Three Raleigh-based musicians with ties to NC State got the surprise of their lives when their song “Raleighwood Hills” made President Obama’s top music of 2019 list in December.
There are moments in our lives that stay with us forever, shape who we become from that point forward, or alter the way we see the world. For Sonny Miles, LesTheGenius and Jaxson Free, three Raleigh-based musicians with ties to NC State, a moment like that came on Dec. 30 when President Barack Obama tweeted out his favorite songs of 2019 and their song “Raleighwood Hills” was on the list.
The hip hop song, produced in Raleigh, was recognized by President Obama along with music by Mavis Staples, Lizzo, The National, Beyonce, J. Cole, The Black Keys, Bruce Springsteen, Frank Ocean, and arguably one of the biggest songs of the year, “Old Town Road (Remix)” by Lil Nas X featuring Billy Ray Cyrus.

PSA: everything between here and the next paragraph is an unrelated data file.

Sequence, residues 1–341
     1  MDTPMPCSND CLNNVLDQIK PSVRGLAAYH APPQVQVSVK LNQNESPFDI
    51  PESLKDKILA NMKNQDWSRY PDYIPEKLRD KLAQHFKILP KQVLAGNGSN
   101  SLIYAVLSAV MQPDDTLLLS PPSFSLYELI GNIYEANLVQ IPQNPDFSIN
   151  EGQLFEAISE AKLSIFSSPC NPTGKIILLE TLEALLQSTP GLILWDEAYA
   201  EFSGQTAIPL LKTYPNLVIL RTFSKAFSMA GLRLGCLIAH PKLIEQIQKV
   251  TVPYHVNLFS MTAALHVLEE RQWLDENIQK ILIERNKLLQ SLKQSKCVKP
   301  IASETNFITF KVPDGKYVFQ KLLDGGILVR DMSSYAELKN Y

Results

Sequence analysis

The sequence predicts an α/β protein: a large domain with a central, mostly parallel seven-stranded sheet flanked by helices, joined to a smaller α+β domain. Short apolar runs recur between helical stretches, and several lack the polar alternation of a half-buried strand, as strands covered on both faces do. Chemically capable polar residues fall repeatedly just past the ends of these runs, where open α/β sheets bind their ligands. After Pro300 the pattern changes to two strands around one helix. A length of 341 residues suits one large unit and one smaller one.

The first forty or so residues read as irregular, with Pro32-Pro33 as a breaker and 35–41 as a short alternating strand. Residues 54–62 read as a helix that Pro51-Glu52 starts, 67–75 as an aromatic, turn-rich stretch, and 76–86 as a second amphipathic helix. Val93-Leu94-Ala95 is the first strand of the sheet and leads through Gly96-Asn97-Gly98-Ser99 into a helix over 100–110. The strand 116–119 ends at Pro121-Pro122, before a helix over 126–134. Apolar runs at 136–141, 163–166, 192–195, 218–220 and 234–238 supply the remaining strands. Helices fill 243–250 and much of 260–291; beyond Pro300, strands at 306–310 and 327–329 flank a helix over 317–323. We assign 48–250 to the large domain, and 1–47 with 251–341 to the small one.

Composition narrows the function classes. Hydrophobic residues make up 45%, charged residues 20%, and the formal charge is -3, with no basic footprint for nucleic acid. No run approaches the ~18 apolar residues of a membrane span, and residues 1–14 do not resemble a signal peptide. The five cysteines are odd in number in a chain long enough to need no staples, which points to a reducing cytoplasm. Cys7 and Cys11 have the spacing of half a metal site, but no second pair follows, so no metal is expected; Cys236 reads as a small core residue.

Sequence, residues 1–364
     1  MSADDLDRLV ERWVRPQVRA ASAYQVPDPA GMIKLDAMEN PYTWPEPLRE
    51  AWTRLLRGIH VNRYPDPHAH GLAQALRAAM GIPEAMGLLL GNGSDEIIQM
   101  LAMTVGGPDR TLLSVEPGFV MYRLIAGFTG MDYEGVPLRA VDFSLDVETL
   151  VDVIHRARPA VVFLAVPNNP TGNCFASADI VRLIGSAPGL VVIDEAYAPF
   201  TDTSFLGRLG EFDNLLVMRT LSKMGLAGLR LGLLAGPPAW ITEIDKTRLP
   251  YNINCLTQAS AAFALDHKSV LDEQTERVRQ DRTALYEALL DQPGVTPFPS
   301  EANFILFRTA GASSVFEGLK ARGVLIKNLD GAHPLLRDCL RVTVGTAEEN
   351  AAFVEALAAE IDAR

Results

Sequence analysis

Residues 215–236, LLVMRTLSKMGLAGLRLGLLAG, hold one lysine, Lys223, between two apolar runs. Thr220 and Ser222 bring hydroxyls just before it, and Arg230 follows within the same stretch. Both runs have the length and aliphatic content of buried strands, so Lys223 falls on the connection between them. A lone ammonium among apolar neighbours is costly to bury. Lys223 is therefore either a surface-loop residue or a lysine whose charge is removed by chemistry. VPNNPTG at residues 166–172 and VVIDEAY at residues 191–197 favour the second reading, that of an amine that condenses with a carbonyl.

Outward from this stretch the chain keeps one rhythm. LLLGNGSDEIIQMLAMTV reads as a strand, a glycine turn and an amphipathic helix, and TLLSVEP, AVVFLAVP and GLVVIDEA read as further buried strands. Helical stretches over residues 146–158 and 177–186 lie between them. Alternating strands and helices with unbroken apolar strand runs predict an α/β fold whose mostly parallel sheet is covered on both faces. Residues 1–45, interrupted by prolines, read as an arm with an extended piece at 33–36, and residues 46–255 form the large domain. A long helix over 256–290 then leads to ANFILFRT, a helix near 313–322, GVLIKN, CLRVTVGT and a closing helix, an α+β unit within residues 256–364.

“It was crazy. No one knew; we just woke up one day and we saw [our song] on the list,” said LesTheGenius, whose given name is Leslie Robbin-Coker. He’s a second-year student at NC State double majoring in chemical engineering and paper science and engineering. “We had to do a triple take because everyone on the list was a signed, big artist and [President Obama] really put us on the list. So it’s crazy that, not only that he heard it, but it was crazier that—out of the millions of songs that release in 365 days—you decided that this song was good enough and you loved it enough to put it in your top list with all these other artists. So that was a big blessing. It was just really, really big for us.”
Sonny Miles, whose given name is Jordan Williams, graduated from NC State with a B.A. in communications in 2018. Robbin-Coker first introduced himself to Williams following a Sonny Miles concert in Raleigh in August of 2018. “It was always about music with Les and I,” said Williams, who made a point of trying to be helpful and aware of other black musicians on campus during his time at NC State and after.